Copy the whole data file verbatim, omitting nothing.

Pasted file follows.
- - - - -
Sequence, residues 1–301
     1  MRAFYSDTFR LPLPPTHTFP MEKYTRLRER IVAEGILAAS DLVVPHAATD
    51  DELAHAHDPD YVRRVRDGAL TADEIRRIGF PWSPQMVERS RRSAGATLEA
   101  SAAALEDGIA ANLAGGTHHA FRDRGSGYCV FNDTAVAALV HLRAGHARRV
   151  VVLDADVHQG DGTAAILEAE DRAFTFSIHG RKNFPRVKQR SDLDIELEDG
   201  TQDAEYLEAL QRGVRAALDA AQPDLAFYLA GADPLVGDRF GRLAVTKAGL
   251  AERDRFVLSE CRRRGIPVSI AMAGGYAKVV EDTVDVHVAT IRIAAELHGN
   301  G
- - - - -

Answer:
Sequence, residues 1–301
     1  MRAFYSDTFR LPLPPTHTFP MEKYTRLRER IVAEGILAAS DLVVPHAATD
    51  DELAHAHDPD YVRRVRDGAL TADEIRRIGF PWSPQMVERS RRSAGATLEA
   101  SAAALEDGIA ANLAGGTHHA FRDRGSGYCV FNDTAVAALV HLRAGHARRV
   151  VVLDADVHQG DGTAAILEAE DRAFTFSIHG RKNFPRVKQR SDLDIELEDG
   201  TQDAEYLEAL QRGVRAALDA AQPDLAFYLA GADPLVGDRF GRLAVTKAGL
   251  AERDRFVLSE CRRRGIPVSI AMAGGYAKVV EDTVDVHVAT IRIAAELHGN
   301  G